A 1.65 MW 80 m tall wind turbine was analyzed by subjecting it to wind fields with mean wind speeds of 25 m/s, 30 m/s 40 m/s, 50 m/s, 60 m/s, and 70 m/s [64]. Based on seismic fragility analysis, demand can be expressed as a function of spectral acceleration as in Equation (1) [88]. For wind, spectral acceleration can be replaced with mean wind velocity V, and demand can be expressed as in Equation (2) [64]. The parameters a and b being regression parameters, the exceedance probability of the demand D is given by Equation (3) [64] and the capacity is given by Equation (4) [88]. By combining Equations (3) and (4), the probability of failure can be expressed as in Equation (5) [89]. One study [64] modeled a 1.65 MW turbine using the numerical model in the Fatigue, Aerodynamic, Structures, Turbines (FAST) tool [90]. Wind fields have been generated using TURBSIM [91]. The wind loads were applied in two directions, forming angles of 0 degrees and 30 degrees with the rotor axis. The study by Kim and Manuel [92] found that 30-degree wind-direction speed is the most critical, resulting in maximum deformation. The ultimate capacity of a wind turbine has been determined using pushover analysis [93]. The material model used in this study was based on the work by Matic [94] and Voth [95]. The velocity vs. median demand for the 30-degree wind direction obtained in another study is shown in Figure 7 [64]. The fragility analysis in this study used three limit states: global buckling, yielding, and foundation overturning. The highest probability of failure was found for foundation overturning, followed by yielding and buckling (Figure 8) [64]. The case study was performed by considering a 15 m wide foundation. When the foundation width was increased from 15 to 16.56 m, the probability of failure decreased, with significantly enhanced foundation-overturning resistance (Figure 9) [64]. The SAC-FEMA approach, which is extensively used in earthquake analysis, was employed for high-velocity wind fragility analysis to study the nonlinear velocity vs. demand relationship.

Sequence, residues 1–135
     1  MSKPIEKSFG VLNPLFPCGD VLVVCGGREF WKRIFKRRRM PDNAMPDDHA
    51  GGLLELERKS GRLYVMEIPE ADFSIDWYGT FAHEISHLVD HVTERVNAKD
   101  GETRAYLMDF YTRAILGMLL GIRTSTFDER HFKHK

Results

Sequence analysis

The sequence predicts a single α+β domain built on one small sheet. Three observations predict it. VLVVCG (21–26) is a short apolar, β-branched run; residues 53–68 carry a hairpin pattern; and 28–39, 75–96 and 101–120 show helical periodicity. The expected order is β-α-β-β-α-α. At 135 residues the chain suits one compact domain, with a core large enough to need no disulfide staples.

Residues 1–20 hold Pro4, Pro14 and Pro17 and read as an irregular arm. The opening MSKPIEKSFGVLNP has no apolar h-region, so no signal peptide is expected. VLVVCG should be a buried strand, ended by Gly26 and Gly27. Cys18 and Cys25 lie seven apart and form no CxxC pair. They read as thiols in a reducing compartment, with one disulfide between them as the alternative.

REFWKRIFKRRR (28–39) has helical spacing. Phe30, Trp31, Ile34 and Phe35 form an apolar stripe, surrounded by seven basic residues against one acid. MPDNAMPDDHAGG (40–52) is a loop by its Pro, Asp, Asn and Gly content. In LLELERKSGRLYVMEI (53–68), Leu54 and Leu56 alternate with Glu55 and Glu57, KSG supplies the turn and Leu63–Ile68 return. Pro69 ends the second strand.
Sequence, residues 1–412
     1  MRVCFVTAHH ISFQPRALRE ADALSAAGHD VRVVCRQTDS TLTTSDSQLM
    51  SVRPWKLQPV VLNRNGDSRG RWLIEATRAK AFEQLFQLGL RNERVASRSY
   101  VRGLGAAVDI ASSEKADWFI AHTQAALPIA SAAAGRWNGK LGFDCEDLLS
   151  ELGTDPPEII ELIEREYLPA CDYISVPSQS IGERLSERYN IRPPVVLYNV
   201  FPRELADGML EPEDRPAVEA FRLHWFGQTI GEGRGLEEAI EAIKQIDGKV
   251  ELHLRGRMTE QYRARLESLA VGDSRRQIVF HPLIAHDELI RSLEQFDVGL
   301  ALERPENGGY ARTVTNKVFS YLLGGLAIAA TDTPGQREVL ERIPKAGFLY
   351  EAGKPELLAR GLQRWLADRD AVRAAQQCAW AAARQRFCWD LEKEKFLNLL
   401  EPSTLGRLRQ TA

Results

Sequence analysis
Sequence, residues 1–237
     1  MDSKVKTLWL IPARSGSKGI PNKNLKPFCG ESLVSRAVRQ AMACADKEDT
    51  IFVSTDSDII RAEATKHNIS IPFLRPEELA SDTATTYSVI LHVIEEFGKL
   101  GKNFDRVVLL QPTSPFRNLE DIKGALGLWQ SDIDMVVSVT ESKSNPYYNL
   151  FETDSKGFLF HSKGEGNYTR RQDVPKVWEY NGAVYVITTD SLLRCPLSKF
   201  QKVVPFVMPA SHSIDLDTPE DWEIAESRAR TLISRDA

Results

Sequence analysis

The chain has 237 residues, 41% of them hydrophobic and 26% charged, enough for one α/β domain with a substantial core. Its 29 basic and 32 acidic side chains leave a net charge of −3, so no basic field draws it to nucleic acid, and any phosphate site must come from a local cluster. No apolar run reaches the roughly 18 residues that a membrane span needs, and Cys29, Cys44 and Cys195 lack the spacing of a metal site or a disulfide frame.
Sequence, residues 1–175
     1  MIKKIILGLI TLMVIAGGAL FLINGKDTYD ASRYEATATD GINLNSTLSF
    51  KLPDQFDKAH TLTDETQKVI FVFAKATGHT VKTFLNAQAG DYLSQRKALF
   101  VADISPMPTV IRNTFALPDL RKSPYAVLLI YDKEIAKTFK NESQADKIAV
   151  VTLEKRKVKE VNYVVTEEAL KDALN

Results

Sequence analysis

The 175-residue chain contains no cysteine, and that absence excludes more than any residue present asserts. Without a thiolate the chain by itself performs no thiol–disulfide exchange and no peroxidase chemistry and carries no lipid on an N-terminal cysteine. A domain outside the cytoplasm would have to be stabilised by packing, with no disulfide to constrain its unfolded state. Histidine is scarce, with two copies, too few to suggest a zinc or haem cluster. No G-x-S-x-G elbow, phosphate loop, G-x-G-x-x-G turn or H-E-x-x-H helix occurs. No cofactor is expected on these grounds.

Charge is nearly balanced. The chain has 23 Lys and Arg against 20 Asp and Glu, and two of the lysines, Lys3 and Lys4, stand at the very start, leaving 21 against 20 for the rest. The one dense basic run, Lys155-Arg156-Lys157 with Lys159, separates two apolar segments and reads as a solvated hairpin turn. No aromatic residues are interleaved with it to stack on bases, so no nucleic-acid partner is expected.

D ^ = a ( S a ) b
D ^ = a ( V ) b
P [ D d   |   V = x ] = 1 Φ ( ln ( d a x b ) β D |   V )
P [ C d ] = Φ ( ln ( d C ^ ) β C )
P [ C < D   | V = x ] = Φ ( ln ( D ^ C ^ ) β D | V 2 + β C 2 )
  • D ^ = median demand;
  • C ^ = median capacity;
  • d = specific demand;
  • x = specific demand;
  • a ,   b = regression parameters;
  • S a = spectral acceleration;
  • V = mean wind velocity;